Food Rules

Once the province of how-to cooking shows, food media has extended its reach—but has it become too big?

Bon Appétit publisher Pamela Drucker Mann attributes much of the change to packaged food advertisers like Kellogg’s and Nestlé, which have had to scale back their buys in some food titles, as rising production costs and consumer flight to generics simultaneously squeeze their spending. From January through July of 2011, Kellogg’s advertising, for example, was down 28 percent across the titles Bon Appétit defines as its competitive set: Cooking Light, Everyday Food, Every Day with Rachael Ray, Food Network Magazine, Food & Wine, and Saveur. But increased interest from other categories helped offset that drop. Business technology was up 45 percent, health and pharmaceutical up 35 percent, beauty up 14 percent, and auto up 10 percent in those same titles, according to Mann.

Niche media has grown as well. Even author Dave Eggers is getting in on the game: His publishing house, McSweeney’s, recently launched the new food and lifestyle quarterly Lucky Peach with chef David Chang. The politics of food alone—having mostly to do with where it has been sourced and whether it's organic—has given birth to a deluge of popular blogs, such as Sustainable Table (, and magazines like Gastronomica: The Journal of Food and Culture. Readers, says Darra Goldstein, editor-in-chief of the quarterly, “range from hip 20-somethings to the kind of well-heeled readership that also likes The New Yorker.” Andrew Knowlton, restaurant editor at Bon Appétit and a former Iron Chef America judge (a Food Network program), adds that “those celebrity chefs people love and some of the food community takes for granted … are educating the public on the politics of food. People might roll their eyes at spending so much on an heirloom tomato, but the fact [that] they have an opinion on an heirloom tomato can only be a good thing.”

Indeed, the more we think about food, the more aware we are of what we’re eating. It’s no coincidence that the boom in food media comes when obesity in America is at an all-time high and Americans are realizing their bad eating habits are shortening life expectancies.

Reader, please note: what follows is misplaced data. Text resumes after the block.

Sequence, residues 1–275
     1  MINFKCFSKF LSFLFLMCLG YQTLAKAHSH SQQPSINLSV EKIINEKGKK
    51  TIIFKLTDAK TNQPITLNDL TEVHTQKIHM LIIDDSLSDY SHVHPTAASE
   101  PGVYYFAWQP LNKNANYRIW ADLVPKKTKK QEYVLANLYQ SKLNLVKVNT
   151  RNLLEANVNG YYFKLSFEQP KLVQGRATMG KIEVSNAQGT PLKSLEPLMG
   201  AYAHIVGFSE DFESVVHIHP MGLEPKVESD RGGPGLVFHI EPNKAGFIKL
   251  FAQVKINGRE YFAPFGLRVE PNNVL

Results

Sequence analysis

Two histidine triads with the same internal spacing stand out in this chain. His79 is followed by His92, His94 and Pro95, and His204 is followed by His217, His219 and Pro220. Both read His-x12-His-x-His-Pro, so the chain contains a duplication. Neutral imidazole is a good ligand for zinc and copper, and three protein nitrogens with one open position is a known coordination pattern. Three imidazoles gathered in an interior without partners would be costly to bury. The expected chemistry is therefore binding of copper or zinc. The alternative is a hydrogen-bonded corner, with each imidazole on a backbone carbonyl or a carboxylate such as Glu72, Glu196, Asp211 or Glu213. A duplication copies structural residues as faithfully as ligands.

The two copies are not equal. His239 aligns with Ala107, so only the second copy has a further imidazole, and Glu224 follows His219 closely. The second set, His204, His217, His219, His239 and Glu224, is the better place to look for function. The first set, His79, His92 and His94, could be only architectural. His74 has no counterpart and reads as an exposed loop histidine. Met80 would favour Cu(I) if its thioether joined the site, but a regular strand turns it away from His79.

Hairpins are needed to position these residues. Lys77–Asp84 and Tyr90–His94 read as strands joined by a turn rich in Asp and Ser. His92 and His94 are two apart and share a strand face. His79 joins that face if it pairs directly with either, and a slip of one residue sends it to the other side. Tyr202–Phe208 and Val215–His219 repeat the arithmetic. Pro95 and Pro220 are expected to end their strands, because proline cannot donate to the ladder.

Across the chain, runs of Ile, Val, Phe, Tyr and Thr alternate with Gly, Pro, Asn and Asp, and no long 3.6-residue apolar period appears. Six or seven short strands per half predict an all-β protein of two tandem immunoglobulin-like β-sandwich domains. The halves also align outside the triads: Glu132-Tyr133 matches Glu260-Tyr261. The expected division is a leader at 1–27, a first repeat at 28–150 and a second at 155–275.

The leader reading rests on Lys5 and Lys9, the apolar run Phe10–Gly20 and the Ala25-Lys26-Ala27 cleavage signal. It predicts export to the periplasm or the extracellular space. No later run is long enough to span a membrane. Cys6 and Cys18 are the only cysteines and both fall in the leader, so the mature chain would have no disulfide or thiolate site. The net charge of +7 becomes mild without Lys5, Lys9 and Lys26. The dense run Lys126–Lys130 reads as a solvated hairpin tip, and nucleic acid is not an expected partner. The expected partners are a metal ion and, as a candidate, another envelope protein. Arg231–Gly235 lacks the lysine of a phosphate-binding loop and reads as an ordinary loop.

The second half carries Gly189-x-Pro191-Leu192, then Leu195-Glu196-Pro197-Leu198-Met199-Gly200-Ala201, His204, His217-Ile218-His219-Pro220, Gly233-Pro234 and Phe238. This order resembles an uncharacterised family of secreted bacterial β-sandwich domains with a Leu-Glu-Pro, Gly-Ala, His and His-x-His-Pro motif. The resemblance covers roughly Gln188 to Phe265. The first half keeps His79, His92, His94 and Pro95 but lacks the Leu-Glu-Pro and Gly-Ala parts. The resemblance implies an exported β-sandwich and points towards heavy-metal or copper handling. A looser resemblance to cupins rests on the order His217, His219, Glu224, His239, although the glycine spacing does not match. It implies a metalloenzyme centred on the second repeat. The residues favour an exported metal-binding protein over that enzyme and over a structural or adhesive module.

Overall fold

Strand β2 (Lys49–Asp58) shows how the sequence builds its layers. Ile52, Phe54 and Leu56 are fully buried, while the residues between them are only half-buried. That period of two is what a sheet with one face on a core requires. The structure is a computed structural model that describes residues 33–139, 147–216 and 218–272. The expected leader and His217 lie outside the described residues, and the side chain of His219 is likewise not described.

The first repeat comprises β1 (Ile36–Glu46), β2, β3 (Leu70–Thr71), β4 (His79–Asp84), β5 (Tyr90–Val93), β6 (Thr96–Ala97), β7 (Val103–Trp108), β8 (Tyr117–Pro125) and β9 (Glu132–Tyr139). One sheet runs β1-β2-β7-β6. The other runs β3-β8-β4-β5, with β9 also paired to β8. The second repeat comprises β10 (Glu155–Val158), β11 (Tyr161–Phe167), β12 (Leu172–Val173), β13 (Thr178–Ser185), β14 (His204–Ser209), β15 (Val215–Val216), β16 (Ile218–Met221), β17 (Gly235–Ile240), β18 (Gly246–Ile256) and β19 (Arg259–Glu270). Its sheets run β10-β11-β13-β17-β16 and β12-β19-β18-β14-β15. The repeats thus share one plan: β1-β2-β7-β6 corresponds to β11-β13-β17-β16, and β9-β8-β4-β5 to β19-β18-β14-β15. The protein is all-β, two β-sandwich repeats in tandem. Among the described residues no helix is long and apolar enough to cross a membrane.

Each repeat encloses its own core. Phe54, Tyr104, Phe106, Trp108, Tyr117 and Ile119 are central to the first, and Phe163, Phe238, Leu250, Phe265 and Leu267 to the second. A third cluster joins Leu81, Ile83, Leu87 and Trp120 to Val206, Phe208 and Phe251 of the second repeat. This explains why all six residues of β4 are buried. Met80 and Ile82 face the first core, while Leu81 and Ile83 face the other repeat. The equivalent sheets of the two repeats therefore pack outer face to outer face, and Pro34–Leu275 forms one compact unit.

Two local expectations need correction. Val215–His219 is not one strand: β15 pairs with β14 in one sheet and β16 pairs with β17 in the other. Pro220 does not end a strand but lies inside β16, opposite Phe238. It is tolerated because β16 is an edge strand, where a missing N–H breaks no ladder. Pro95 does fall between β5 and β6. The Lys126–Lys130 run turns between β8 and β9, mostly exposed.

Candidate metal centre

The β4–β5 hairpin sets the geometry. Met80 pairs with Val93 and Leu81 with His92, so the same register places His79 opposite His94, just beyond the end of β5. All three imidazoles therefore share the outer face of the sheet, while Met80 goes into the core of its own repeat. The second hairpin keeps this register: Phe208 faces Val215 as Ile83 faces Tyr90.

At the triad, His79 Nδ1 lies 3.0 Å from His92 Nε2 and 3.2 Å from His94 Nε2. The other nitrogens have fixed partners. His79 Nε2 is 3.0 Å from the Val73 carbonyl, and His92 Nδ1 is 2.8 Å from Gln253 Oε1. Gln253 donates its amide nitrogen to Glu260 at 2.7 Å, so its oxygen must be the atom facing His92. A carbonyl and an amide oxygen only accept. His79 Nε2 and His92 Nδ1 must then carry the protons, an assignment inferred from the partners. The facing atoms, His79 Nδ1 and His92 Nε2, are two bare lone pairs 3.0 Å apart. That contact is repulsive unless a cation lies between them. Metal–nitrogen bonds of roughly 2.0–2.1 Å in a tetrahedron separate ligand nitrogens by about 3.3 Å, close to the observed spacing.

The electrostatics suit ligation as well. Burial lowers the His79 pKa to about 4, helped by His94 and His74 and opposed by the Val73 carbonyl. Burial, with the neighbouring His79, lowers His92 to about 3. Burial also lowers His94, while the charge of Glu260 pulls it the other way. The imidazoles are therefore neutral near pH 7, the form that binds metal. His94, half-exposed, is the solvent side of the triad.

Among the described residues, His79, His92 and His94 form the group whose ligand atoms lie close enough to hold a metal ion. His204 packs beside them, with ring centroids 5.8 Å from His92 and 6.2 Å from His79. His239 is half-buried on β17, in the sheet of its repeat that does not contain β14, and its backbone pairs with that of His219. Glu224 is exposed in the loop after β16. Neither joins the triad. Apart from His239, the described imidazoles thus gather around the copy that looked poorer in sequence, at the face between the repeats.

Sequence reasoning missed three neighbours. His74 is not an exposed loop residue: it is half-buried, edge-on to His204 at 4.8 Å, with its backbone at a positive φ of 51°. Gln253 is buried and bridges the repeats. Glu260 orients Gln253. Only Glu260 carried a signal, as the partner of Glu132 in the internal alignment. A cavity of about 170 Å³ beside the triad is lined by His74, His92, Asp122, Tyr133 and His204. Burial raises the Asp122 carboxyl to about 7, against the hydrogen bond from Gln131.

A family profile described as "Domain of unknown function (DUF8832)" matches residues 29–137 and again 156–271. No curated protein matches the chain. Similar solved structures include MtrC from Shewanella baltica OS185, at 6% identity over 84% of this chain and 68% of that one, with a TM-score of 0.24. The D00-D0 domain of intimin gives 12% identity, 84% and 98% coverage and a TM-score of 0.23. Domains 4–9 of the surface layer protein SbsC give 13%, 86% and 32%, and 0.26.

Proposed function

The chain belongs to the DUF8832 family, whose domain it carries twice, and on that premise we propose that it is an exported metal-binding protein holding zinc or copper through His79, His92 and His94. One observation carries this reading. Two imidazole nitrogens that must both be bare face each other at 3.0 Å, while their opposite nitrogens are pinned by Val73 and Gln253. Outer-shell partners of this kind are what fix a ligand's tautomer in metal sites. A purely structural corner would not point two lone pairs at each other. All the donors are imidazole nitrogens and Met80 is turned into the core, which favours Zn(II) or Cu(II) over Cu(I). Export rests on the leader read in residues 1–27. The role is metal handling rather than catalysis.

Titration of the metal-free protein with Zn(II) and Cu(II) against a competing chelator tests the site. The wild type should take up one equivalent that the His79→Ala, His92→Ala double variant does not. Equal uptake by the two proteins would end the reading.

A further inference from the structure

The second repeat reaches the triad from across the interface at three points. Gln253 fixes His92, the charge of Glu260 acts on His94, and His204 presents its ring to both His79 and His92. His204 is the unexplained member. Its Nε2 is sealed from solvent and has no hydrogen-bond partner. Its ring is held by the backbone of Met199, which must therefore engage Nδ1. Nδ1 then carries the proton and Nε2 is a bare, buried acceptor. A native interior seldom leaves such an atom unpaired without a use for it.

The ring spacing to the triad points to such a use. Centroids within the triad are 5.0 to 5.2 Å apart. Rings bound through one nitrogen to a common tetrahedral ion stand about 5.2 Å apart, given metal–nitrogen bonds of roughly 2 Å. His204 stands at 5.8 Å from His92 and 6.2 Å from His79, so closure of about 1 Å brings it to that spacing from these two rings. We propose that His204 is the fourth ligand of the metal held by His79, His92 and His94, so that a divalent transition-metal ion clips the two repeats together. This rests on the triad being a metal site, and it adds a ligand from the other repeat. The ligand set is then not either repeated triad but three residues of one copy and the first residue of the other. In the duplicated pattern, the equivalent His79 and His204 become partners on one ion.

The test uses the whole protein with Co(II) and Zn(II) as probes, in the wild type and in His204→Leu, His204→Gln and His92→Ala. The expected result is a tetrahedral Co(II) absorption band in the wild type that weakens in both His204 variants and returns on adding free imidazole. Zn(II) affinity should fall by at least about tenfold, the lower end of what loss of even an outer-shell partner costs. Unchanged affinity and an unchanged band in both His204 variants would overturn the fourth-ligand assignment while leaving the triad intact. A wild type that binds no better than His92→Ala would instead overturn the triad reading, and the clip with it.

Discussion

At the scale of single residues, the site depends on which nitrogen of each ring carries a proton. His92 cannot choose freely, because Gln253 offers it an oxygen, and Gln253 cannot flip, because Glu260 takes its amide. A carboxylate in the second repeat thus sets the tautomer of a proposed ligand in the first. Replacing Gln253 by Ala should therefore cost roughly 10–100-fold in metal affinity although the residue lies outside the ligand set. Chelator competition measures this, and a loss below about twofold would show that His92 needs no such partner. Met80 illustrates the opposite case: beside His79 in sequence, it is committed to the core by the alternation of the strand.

But the expansion also suggests that a bust is on its way. The sheer number of choices is overwhelming, which may be why there’s been some slippage in the TV landscape: Food Network’s Nielsen rating slipped 4 percent year-over-year, Top Chef’s most recent season premiere drew 1.66 million viewers, down more than 1 million from the series’ highwater mark of season five, and Every Day with Rachel Ray magazine lost 14 percent in ad revenue from last year, according to the MPA, Association of Magazine Media. And critics say the glut of reality-show competitions associated with cuisine has cheapened the culinary landscape. The field is becoming so crowded, goes the argument, that food media is being pushed to absurd extremes.

More likely, however, these slips are not indicative of the larger picture. Not only has consumer interest in food translated into increasing gourmand tastes, food is also a leveler of class, as Pollan has noted: “If Julia [Child] took the fear out of cooking, these shows take the fear—the social anxiety—out of ordering in restaurants. … Then, at the judges’ table [in shows like Top Chef], we learn how to taste and how to talk about food.”

“Being a chef or tasting good food doesn’t mean eating at a fancy French restaurant with 17 knives and forks and 15 wineglasses anymore,” adds Gail Simmons, Top Chef judge and special projects manager for Food & Wine. “Anyone can eat well if you learn tricks of the trade. Now when I’m out at dinner, I overhear strangers at another table discussing the acidity of a dish.”

And larger societal trends may continue to drive America’s fascination with food and the media that surrounds it. “The smaller the world becomes, the more similar it becomes,” says Bon Appétit’s Knowlton. “But as much as there is a Starbucks on every corner, food is one of the few things left that defines who we are. It gives us insight into a culture.

And that’s not going away. In fact, we’ll all probably have to work harder to keep up with it.”